By the 1840s the Imperial Chinese government was beginning to realize just how precarious its long cherished independence was. It looked on with alarm as one of its neighbours after another fell to the Western powers. The pattern of absorption was often the same — first came either missionaries who attacked traditional institutions, or merchants who demanded unfair privileges. When their behaviour caused trouble and the government tried to keep them in line, the missionaries or merchants would demand protection from their respective governments and soon gunboats were sailing and armies marching. Determined that this would not be their fate, the Chinese had banned all missionaries and had tried to restrict merchants to a few so-called treaty ports. But if the merchants were and cunning and determined, the missionaries were even more so. Ignoring rightfully enacted laws and statutes, missionaries had disguised themselves and penetrated into some of the most remote parts of the Chinese empire. Suspecting some of them of spying for Western powers, as indeed they often did, the Chinese had put in place a series of draconian measures to deal this threat. Any missionary caught could expected to be executed, often after horrible torture.
Such was the situation when Father Regis-Evariste Huc, a French member of the Lazarist Order arrived in Portuguese enclave of Macao in 1839. The next year, taking advantage of yet another British attack on Chinese forces, Huc slipped across the border in disguise and made his way to Peking. From there he went through the Great Wall into Mongolia. He spent three years learning the language and later met Father Joseph Gabet who was head of the mission there. The two become friend and gradually conceived the audacious idea of taking the Gospel to the most remote, the most forbidden place on earth – Lhasa the heart of Tibetan Buddhism. The chances of getting there and returning alive were, the two men knew, very slim but with a courage and faith typical of their kind, this only made them more determined to go. In August 1844 the two intrepid missionaries together with a Mongolian convert acting as servant, set of towards the west on what was to be a remarkable 2400 kilometre journey.
Passing through seemingly endless stretches of uninhabited grass land and desert they finally got to the regions where Tibetan Buddhism prevailed. On one occasion while staying at a wayside inn a senior lama and his retinue arrived. Curious to know who the strangers were the lama paid them a visit. Hue and Gabet refused to stand to greet him, a breach of etiquette which the lama had the good grace to ignore. After a few polite exchanges the lama saw the prayer book which the missionaries had deliberately put out for the purpose of initiating a discussion on religion. The lama picked up the book, flicked through the pages, admired its gilt edge and then said: “Our two faiths are like this”, raising two fingers and putting them besides each other as he did so. The missionary’s response to this spontaneous gesture of good-will and magnanimity was predictable. “Your beliefs and ours are at odds with each other”, Huc said: “The object of our journey and our efforts, and we make no secret of it, is to substitute our prayers for those in use in your monasteries.” “I know” said the lama with a smile and after some more conversation he left. If Huc and Gabet were hoping to become martyrs it would not be at the hands of the Buddhist lamas.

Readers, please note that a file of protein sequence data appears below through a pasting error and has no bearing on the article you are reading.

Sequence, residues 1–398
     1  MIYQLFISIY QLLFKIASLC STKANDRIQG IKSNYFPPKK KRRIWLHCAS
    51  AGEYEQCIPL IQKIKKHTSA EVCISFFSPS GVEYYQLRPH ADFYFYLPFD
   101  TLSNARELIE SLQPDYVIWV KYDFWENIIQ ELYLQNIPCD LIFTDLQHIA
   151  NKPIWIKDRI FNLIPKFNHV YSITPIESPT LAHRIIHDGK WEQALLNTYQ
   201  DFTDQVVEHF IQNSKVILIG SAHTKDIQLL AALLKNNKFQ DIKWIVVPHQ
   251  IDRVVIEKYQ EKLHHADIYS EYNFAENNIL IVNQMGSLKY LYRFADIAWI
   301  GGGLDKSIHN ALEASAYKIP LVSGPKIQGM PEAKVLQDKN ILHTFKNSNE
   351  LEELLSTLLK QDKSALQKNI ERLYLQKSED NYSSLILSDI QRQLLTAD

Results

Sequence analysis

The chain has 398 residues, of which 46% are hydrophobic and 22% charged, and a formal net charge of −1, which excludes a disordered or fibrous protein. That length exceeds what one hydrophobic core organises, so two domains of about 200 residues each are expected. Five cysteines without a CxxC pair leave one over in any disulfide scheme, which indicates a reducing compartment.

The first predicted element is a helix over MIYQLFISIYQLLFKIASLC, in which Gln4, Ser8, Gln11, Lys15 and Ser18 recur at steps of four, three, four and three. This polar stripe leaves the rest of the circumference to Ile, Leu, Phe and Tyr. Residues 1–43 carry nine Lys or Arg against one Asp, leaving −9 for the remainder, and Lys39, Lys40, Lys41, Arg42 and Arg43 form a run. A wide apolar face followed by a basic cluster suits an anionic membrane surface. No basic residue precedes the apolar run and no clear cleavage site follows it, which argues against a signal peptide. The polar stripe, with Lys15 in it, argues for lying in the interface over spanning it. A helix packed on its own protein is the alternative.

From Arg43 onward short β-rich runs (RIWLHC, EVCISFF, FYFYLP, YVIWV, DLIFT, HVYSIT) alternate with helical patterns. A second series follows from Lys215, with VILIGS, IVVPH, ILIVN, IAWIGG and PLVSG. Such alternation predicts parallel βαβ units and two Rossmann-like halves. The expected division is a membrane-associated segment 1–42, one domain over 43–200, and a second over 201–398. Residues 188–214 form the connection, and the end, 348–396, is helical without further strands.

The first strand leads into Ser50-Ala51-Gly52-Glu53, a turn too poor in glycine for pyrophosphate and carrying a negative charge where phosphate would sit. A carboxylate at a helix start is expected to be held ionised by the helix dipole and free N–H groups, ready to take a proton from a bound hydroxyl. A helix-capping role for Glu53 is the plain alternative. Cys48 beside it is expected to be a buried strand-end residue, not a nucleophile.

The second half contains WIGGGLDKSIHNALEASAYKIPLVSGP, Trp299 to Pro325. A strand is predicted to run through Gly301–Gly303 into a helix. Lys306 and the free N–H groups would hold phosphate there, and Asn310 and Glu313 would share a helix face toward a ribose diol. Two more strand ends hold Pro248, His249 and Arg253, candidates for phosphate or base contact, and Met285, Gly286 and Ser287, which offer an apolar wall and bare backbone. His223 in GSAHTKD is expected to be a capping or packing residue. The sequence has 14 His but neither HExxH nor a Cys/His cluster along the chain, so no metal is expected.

Despite their rocklike sense of superiority and occasional rudeness, Huc and Gabet were generally far more sensitive and tactful than most missionaries of the time. Huc later wrote: “All the experience of our long journey… convinced us that it is through teaching and not controversy that one must work for the conversion of the unbeliever. Argument can reduce an adversary to silence, humiliate him even, anger him sometimes, and convince him never. When Jesus Christ instructed his Apostles, he told them Ite, docete omnes gentes, and this does not mean ‘Go and argue with all nations.’ In our own day, two schools of philosophy, one following the steps of Descartes and the other of Lamennais, have long argued the question as to whether paganism is a crime or an error. In our opinion it is neither, but simply the result of ignorance. The mind of the pagan is in darkness; show him a light and the darkness is gone. He needs no Cartesian no Lamennaisian imputations, he simply needs instruction”. However, such sentiments also highlight Huc’s naive optimism. During their stay in Tibet the two missionaries had the opportunity to “show the light” to many people but not one came forward to be baptized.